More accurately, "What Didn't Stop You Getting Here Will Stop You Getting There". The core thesis of the book is that people limit their success by holding onto various destructive behaviours. As they've been successful in the past, they don't realise that these behaviours are a blocker on further progress, and may think they're part of their success.
There are 20-odd specific behaviours listed in the book, but they can be boiled down to "Don't be self-centred and arrogant". As people get more successful and rise up an organisation, they both need to get other people doing the work and learning new skills themselves. If they keep taking on the work themselves and shooting everyone else down, this doesn't happen. Leadership needs teamwork.
The other part of the book is about how to change. It's about gathering feedback and using it. This is where I really start to disagree with it, although the disagreement extends to the behaviours, too. Basically, the suggestion is "When someone says something to you, nod and smile and thank them and don't say anything". I disagree with this. Sure, when you have a senior role people take your opinion seriously, but gentle, positive and constructive feedback helps others grow, and if someone has some constructive feedback for you - well, you should engage with it. Not deny it, certainly, but at least dig in and truly understand what they're saying.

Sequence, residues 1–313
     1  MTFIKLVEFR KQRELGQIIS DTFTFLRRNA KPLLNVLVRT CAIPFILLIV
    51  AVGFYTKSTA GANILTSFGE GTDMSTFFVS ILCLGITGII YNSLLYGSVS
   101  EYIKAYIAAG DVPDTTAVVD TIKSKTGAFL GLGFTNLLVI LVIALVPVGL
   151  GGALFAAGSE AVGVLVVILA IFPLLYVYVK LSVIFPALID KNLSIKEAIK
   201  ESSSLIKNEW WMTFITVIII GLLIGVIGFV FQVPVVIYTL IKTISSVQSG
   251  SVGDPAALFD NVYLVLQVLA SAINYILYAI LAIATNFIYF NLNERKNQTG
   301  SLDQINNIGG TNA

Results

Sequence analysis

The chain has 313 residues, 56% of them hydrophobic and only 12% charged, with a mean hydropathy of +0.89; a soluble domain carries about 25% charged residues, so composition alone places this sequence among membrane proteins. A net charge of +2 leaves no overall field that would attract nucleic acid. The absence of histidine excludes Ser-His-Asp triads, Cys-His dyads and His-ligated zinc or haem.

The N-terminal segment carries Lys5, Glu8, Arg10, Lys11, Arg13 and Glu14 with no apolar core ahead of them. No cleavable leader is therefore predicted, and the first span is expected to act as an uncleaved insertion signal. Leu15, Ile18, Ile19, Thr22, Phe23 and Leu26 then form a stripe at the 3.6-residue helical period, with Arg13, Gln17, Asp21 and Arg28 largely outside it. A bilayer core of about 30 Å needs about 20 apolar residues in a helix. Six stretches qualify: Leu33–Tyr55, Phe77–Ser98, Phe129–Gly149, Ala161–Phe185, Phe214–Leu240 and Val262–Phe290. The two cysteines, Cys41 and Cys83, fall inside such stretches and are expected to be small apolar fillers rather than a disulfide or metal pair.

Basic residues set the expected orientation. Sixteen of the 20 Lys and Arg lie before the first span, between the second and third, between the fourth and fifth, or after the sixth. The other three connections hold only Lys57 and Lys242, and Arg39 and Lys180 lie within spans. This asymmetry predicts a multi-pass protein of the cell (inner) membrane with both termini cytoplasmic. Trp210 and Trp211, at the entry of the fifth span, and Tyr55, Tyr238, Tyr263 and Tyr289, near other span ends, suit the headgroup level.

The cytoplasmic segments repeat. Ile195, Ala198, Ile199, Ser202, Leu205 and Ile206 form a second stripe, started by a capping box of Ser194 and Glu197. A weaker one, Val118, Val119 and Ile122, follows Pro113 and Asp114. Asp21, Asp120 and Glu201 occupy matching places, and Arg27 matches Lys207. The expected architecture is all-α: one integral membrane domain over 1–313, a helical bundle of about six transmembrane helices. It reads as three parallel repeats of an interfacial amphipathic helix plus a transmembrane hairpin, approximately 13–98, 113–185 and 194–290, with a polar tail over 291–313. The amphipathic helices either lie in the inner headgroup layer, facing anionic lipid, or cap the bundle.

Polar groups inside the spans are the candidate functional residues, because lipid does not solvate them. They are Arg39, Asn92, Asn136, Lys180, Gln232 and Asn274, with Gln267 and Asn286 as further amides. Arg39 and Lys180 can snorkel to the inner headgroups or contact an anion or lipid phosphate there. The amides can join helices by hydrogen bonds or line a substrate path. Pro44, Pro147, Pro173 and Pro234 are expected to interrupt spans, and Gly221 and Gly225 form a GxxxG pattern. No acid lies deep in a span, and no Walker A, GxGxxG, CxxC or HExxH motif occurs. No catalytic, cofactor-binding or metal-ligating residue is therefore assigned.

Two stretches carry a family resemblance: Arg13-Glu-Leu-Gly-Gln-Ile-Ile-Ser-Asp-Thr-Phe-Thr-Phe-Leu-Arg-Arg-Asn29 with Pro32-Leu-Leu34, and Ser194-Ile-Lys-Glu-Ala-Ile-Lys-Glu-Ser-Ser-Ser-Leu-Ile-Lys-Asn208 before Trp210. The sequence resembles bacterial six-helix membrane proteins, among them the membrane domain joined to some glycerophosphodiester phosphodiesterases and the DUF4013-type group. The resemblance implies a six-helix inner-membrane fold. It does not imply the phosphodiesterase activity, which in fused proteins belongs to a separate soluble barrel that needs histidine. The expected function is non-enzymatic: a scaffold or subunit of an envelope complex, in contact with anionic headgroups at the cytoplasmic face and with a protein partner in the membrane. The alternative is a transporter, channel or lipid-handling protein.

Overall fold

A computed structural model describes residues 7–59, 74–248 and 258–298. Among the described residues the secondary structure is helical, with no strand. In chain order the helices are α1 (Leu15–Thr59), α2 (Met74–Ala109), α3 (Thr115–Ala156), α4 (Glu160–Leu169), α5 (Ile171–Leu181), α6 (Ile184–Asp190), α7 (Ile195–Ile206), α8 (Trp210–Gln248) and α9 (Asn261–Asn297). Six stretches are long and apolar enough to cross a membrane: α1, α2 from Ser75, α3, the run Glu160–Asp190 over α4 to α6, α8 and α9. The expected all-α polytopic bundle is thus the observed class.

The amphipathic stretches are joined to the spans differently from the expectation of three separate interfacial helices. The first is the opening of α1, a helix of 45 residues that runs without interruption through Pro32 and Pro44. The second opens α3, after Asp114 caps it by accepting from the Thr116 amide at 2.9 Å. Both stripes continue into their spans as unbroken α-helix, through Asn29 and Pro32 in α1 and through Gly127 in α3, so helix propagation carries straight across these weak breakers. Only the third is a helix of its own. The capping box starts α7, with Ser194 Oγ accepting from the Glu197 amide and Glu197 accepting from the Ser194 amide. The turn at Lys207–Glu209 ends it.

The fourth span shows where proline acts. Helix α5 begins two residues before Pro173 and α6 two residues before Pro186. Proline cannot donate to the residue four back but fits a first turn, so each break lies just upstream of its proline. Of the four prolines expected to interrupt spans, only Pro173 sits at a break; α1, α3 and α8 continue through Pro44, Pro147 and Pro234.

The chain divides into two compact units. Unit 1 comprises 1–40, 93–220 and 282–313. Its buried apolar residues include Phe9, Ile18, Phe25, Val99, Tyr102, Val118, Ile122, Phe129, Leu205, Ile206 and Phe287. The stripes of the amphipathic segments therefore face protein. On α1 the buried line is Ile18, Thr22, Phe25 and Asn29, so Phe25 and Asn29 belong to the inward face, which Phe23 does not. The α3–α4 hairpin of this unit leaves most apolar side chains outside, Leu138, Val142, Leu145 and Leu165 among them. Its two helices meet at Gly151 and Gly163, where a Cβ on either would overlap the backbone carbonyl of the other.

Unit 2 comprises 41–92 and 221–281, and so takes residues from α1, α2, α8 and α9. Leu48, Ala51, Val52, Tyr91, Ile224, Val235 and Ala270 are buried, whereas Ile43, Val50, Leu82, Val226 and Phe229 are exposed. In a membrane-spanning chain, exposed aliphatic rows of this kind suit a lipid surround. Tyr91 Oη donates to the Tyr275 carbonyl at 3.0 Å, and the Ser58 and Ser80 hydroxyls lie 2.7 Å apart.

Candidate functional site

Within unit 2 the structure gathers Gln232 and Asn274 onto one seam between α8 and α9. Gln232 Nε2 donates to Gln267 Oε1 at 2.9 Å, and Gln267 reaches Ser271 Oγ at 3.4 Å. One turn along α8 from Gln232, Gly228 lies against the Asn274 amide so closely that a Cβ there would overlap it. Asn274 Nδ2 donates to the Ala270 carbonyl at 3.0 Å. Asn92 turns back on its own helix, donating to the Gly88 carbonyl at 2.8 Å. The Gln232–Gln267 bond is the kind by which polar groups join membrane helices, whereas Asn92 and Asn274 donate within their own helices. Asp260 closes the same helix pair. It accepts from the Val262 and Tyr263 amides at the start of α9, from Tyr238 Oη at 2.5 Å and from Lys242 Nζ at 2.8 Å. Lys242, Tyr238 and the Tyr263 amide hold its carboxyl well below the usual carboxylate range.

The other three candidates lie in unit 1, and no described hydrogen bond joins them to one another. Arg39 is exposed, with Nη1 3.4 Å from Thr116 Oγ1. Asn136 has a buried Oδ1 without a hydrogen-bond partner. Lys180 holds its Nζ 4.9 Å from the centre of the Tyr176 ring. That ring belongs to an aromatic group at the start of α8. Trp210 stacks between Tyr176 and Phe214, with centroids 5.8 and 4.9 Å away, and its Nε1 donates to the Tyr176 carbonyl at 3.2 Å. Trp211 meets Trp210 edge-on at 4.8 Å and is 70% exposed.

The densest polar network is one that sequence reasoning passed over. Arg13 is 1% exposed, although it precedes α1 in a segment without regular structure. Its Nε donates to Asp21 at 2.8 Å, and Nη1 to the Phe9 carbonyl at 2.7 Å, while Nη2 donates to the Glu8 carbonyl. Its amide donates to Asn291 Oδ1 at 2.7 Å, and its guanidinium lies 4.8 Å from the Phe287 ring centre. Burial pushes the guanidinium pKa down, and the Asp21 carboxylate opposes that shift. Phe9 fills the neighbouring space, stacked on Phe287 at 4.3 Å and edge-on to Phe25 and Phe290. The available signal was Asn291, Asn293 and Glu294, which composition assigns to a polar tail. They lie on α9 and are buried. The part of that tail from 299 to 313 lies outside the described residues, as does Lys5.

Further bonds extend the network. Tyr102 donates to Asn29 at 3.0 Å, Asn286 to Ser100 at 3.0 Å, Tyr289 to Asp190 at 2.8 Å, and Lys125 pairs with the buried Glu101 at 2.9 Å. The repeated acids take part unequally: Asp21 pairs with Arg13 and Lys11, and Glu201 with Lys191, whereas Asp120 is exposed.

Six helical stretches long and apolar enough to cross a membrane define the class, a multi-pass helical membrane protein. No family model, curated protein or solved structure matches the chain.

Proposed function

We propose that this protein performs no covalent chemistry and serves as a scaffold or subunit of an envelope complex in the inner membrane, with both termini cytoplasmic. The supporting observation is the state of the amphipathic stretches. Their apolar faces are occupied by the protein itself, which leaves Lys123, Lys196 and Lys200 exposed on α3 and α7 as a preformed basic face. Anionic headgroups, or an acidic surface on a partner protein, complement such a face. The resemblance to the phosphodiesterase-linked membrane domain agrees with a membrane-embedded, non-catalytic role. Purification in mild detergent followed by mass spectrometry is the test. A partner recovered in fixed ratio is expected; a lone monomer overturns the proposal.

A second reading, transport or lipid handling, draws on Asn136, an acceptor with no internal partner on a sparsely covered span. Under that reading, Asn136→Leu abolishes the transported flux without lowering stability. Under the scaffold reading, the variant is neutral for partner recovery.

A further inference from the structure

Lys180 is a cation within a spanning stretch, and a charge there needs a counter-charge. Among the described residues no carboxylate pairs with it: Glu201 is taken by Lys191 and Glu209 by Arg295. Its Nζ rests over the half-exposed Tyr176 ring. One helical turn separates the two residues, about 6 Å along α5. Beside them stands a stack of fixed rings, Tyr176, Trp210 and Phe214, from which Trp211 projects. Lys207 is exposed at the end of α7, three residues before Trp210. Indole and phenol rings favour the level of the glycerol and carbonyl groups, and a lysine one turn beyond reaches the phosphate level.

The higher you go, the more gently you need to steer and provide feedback, and perhaps this is really my main problem with the book. It's for executives - pretty much people trying to break through to being CEO of a large company, and being held back by their bad habits. Perhaps it's just a bit lost on me. Indeed, given it's a bestseller, I suspect more people have bought it than are actually in its true target market.